Hundreds of millions of dollars of plan assets intended to support the city’s … pension arrangements were converted by GRS trustees to provide a windfall….

It’s helpful to remember that a pension plan is built around three basic assumptions: how much money needs to be contributed, how much those sums will earn over the years, and how much money will be needed to pay out as the plan's beneficiaries retire. The trustees greatly overstated the amount those sums would earn, thus reducing the contributions required by the city and its employees. The shortfall was inevitable. All it took was time.

When the performance of the invested sums exceeded those assumptions, the trustees considered them as “windfall” profits and “free money” and so they felt free to disburse them without concern. But the plans’ assumptions recognize that in some years investment performance will be less than assumed while in other years that performance will exceed the assumptions. Averaged together, it is assumed – hoped – that the necessary funds will be there when needed as the workers retire.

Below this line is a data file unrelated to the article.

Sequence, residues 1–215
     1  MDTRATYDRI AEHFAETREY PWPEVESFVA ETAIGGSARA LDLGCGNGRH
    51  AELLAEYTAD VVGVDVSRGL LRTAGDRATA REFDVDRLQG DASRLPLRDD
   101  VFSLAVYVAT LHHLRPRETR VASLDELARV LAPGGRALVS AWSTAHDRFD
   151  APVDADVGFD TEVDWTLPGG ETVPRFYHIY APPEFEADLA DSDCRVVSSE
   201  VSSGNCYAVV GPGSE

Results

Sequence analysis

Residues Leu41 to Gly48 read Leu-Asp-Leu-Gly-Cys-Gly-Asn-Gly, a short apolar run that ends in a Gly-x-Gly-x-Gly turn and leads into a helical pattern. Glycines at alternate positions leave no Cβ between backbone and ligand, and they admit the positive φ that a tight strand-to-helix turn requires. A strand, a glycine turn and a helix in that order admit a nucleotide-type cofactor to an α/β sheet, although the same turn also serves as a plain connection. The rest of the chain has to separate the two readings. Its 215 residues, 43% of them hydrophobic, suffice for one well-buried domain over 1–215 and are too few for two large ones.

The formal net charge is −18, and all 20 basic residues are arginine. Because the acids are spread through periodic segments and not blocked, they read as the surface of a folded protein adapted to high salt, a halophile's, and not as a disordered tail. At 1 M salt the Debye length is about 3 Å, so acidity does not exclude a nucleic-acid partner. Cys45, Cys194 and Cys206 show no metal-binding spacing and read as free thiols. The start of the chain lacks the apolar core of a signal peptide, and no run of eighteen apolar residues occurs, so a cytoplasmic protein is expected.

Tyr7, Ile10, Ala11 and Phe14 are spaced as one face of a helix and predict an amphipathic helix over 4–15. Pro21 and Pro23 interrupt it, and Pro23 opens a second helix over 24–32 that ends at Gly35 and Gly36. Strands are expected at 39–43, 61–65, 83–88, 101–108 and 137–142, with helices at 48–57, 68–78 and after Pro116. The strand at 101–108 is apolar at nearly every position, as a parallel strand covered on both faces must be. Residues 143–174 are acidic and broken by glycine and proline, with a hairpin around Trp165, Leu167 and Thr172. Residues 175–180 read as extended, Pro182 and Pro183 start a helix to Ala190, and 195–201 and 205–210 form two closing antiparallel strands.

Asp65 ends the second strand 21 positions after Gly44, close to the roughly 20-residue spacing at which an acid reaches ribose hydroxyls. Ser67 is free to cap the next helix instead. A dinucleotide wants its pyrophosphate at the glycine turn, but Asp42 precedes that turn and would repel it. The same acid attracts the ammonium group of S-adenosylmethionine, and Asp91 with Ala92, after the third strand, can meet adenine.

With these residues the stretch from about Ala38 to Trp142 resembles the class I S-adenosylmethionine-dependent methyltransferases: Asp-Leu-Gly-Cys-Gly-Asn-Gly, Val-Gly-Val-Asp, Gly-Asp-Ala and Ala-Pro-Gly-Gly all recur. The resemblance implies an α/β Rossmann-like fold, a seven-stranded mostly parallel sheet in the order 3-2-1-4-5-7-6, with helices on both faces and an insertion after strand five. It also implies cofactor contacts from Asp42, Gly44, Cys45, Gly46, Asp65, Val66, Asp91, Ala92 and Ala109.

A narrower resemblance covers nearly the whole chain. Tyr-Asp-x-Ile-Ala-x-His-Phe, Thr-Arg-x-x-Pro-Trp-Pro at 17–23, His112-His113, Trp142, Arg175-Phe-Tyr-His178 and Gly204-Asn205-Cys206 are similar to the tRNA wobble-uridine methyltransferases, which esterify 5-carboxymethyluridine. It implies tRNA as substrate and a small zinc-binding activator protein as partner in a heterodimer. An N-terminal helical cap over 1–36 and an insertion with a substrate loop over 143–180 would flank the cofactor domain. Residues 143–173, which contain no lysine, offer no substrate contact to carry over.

The disconnect from reality expressed by those quoted is almost unfathomable. Riehl’s comment that the funds disbursed would flow into the economy (giving it, one supposes, some sort of “boost”) completely ignores the fact that those funds were first taken out of the economy!

It’s the Robin Hood mentality: take it from one, give it to another, and call it charity. That is perhaps, in one single phrase, the best summary of the corruption inherent in the progressive ideology: if there’s a need, the theft is justified.

It’s taken six decades for this cancer of collectivism to eat its way into the very marrow of Detroit, once one of the great cities of the world. Kevyn Orr is only now discovering just how deep the black hole is that he is charged with filling. It’ll take a lot more than defaults and bankruptcy proceedings. It will take a cultural shift back to moral behavior before Detroit finds its way home.

A graduate of Cornell University and a former investment advisor, Bob is a regular contributor to The New American magazine and blogs frequently at www.LightFromTheRight.com, primarily on economics and politics. He can be reached at BobAdelmann@msn.com.

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Sources:

The New York Times: Undisclosed Pension Extras Cost Detroit Billions    

MIA: Detroit: The First Domino to Fall

The Detroit Free Press: Nearly $1 billion in bonuses paid from ailing Detroit pension fund

The Detroit Free Press: How Detroit went broke: The answers may surprise you - and don't blame Coleman Young

Bio on Dennis Archer